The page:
Clarks is looking to transform itself in the U.S., a key market for the almost 200-year-old British shoe company.
Along with China and the U.K., the U.S. is one of the three key markets for Clarks. And as its business begins to see signs of a rebound from the pandemic, Clarks is going all-in on the U.S. consumer.
“The U.S. always is a beacon for where the business is heading and where trends are going and how we address those trends from a global position,” said president of Clarks Americas Gary Champion.
Like many retailers across the globe, Clarks was hit hard by pandemic-related headwinds. In May 2020, Clarks laid out a turnaround plan that involved laying off about 900 corporate employees and focusing more deeply on sustainability and digital growth. In November 2020, Clarks inked a deal with LionRock Capital for the firm to take a majority stake in the business, which had been struggling from store closures and liquidity needs. The Clark family has remained a significant shareholder.
According to Champion, Clarks’ U.S. business has seen “explosive” rebounds, with sales growing to between 35% and 40% year-over-year. Sales are on their way to achieving similar levels from 2019, with traffic to stores and e-commerce sites also increasing, especially since March 2021. And while Clarks did downsize its store fleet in 2020, Champion said the company is starting to strategically scout out potential new store locations.
Clarks currently operates 50 full-price stores and 114 outlets in the U.S., down from 214 total U.S. stores a year ago. However, Clarks’ wholesale arm makes up the majority of its U.S. business, through brick-and-mortar stores and associated websites, such as Dsw.com and Macys.com. The most popular styles in the U.S. have been the Desert Boot, which launched in 1950, and the classic Wallabee boots. The company has also seen an uptick in its women’s sandals business throughout spring ’21.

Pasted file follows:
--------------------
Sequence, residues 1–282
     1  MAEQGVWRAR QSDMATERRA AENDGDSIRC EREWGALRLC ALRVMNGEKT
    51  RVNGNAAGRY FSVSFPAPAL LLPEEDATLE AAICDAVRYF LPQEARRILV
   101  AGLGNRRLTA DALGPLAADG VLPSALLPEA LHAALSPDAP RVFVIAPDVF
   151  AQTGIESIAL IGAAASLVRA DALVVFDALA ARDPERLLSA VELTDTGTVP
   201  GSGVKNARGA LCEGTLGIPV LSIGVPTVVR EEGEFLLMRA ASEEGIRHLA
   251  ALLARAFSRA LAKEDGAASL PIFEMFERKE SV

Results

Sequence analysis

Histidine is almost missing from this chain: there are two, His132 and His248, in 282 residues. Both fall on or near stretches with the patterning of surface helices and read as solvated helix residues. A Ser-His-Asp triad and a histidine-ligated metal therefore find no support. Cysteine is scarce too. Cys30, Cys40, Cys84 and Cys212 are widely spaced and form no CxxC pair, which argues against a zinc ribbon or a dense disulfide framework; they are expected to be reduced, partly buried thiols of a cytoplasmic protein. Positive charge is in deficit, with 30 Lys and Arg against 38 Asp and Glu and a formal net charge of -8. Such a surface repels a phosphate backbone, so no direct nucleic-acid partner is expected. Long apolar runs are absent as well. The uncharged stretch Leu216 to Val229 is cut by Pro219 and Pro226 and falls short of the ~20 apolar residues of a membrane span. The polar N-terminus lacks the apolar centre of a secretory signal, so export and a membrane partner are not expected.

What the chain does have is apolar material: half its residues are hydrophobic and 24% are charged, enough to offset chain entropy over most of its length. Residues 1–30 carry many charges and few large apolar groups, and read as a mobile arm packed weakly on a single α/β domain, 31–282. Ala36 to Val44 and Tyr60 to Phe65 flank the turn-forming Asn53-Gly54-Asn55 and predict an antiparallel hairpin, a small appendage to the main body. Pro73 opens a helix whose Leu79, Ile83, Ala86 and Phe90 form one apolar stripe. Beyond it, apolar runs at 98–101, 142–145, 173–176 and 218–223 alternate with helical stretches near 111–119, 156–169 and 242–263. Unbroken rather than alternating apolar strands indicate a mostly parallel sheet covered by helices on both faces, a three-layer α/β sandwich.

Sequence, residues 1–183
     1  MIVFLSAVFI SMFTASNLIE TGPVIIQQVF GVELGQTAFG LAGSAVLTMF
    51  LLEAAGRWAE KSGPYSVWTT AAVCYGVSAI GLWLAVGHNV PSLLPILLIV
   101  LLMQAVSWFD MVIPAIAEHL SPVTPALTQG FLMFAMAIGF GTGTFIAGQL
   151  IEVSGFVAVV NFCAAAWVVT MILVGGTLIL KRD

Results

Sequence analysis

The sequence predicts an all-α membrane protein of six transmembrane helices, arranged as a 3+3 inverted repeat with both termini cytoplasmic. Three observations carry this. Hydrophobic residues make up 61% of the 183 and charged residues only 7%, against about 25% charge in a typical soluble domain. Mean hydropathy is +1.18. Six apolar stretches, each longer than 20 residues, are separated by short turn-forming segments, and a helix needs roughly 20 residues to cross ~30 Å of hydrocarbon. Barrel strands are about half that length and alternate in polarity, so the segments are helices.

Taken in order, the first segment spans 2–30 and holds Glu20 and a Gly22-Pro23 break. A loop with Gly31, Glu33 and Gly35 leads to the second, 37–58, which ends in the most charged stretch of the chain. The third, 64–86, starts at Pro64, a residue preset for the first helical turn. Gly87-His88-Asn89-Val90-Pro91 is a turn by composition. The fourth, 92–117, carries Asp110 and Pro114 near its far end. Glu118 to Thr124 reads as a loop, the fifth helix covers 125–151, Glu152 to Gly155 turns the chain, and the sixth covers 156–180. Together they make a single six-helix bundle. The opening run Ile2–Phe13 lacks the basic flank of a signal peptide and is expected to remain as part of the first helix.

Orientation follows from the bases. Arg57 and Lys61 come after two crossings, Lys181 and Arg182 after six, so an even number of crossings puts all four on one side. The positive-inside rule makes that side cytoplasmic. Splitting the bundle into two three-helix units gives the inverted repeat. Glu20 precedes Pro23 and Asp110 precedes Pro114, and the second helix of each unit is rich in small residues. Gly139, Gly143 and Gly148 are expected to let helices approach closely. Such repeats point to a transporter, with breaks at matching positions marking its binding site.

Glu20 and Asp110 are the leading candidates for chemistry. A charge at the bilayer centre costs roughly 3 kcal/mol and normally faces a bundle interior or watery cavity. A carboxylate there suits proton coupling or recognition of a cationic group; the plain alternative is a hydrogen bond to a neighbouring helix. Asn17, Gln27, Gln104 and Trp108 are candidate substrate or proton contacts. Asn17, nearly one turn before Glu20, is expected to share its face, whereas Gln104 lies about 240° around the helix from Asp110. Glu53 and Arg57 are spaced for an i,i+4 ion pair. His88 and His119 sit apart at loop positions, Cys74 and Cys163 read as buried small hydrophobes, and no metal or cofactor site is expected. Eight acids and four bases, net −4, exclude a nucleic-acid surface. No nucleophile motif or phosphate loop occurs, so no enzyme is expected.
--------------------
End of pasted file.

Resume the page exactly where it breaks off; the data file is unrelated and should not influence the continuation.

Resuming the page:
In winning the U.S., Clarks is focusing heavily on younger millennial and Gen Z consumers.
“There’s a huge opportunity for us to unlock the younger generations, this current generation of consumers,” explained Clarks’ chief marketing officer, Tara McRae.
Through its Clarks Originals line, Clarks has launched a series of high-profile collaborations with hot brands and celebrities in recent years, including Supreme, Stüssy and Wu-Tang Clan. In March, Clarks launched a collaboration with Kith founder Ronnie Fieg and announced it would drop a “Jamaica Pack” collection for spring ’21. According to McRae, there’s “a lot more to come,” in regard to drops like these in the future.
Clarks has also made investments in its digital and social capabilities, with new strategies for attracting the digitally connected consumer. Clarks has leaned into social media platforms like TikTok and announced new investments to reach consumers in the gaming category.
Clarks still has a strong following across all age demographics, with a goal to meet consumers from their “first step all the way through your life,” McRae said.
And even as the brand embarks on new collaborations and innovations, the team is holding on to the core values of the decades-old brand.
“We never do anything that is not authentic,” McRae said. “We’ll never partner with somebody who doesn’t have a love for the brand that runs as deep as ours.”